If you have a child who’s a high school senior in Georgia and considering continuing his or her academic career in Athens, you probably know what happened the Friday before Thanksgiving.
On this day, the University of Georgia notified early applicants that they’d either been accepted or will have to wait until the spring to find out.
If you had a UGA applicant in your family, this was a stressful day. If UGA was your first choice, then an early acceptance email means your college search is over. Or if UGA was your second choice – say you’re waiting to hear from Georgia Tech in January or another school somewhere – then getting into Georgia means you’ve lined up a solid Plan B.
But if your child didn’t gain early acceptance to Georgia, it means you’ve got to wait another five months. And in the meantime, you’ll need to arrange a backup plan.
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I know this from experience. So far, three of my four children have applied to UGA. Some of them were accepted early and some were not.
I won’t name any names, but let’s just say that the one with the lowest test scores and lowest grades got accepted early, and the one with the highest test scores did not.
Which leads to my first piece of advice if you’re faced with this process:
1. Don’t try to figure it out.
If your kid got in, then give him or her a hug and pat yourself on the back. But if not, don’t look for conspiracy theories or make excuses.
I’m preaching to the choir. I’ve wondered whether my child forgot to send the required records or failed to take the essay seriously. I’ve also blamed the system, wondering whether there’s a quota at my child’s high school.
Going down this road will just drive you crazy. So don’t try to figure it out, especially if you have a younger child applying in the future. Just because one child did or didn’t get accepted doesn’t mean the same thing will happen to the next one.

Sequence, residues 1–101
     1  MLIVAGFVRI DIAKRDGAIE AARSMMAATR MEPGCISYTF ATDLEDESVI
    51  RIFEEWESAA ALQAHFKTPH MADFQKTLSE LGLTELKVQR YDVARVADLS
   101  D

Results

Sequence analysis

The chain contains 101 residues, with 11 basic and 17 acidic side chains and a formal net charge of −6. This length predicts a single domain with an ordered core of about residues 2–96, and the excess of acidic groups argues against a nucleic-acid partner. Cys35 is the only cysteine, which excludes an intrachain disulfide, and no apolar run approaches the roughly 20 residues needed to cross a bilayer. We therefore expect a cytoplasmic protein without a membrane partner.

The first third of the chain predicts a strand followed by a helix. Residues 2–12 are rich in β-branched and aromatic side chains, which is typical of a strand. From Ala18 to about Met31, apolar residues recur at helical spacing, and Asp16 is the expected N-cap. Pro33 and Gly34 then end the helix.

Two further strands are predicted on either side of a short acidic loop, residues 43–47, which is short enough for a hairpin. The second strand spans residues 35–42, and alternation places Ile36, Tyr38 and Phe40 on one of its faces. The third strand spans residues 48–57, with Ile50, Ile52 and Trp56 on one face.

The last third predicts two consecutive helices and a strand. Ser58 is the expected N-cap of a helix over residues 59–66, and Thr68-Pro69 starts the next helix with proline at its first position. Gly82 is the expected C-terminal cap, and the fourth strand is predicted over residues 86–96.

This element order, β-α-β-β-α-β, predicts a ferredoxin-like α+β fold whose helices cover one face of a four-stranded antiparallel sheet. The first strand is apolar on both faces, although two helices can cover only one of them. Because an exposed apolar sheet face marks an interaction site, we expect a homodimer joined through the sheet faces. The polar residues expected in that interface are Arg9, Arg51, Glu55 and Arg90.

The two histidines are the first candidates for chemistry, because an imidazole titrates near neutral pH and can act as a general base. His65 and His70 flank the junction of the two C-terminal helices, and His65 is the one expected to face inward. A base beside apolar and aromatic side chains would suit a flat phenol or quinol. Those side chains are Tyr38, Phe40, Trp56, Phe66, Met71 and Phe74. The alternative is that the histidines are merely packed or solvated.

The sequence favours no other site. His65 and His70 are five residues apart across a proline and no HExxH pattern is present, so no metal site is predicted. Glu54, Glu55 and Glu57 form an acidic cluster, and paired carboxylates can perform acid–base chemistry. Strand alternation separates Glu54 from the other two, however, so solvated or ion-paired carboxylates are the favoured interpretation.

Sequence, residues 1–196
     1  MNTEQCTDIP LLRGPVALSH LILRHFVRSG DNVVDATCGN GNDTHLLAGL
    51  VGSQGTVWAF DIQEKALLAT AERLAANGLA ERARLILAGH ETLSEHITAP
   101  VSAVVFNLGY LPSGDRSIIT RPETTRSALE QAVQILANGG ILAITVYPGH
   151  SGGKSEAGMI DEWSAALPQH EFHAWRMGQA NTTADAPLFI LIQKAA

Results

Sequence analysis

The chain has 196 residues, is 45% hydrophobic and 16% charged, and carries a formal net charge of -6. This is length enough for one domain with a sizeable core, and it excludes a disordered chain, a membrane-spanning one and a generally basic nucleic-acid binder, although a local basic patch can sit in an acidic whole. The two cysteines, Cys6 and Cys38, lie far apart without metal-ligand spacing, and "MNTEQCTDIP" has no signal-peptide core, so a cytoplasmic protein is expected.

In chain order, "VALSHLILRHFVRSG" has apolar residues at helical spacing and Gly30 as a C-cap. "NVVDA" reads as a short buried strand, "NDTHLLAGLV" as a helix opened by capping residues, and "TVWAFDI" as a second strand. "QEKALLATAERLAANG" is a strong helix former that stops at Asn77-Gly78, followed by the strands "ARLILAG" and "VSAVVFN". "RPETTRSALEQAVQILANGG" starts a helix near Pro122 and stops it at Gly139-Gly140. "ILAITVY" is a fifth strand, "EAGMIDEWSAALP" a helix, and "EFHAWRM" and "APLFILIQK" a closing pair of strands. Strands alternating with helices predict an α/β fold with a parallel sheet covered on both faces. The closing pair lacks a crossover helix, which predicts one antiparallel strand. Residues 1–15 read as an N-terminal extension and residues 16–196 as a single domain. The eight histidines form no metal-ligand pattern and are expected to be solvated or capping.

2. Remember that it’s not about you.
It’s about your child. Getting rejected by the University of Georgia – or whatever school your child has applied to – will not be the end of the world for your child, just like getting accepted will not be the greatest thing to ever happen to them.
It shouldn’t be for you either.
Sure, your Facebook friends are going to post their kids’ acceptance letters, and good for them. But that shouldn’t get you down if your child’s letter said, “Better luck next time.” It should be about whether your child is fulfilling his or her potential, not how they compare to other people’s children.
3. Most of all, remember that there are many avenues to success.
It’s about where your children end up, not where they start.
Anybody who’s hired employees knows this. Some of my best hires were terrible students or had zero training. Some of my worst went to elite schools or had internships with the country’s biggest newspapers.
In the workforce, academic intelligence is just a part of the game. Social intelligence – the ability to build relationships and know what to do in any given situation – is often much more important. And you don’t have to go to Harvard – or UGA or Tech – to develop it.
There are many paths to success. Quite a few truly accomplished leaders in our community stayed right here in town and attended Columbus State University. Some went to Ivy League schools. Some are college dropouts.
I’ll say it again: It’s not where you start, it’s where you go. Keep that in mind, regardless of who accepts or rejects your own flesh and blood.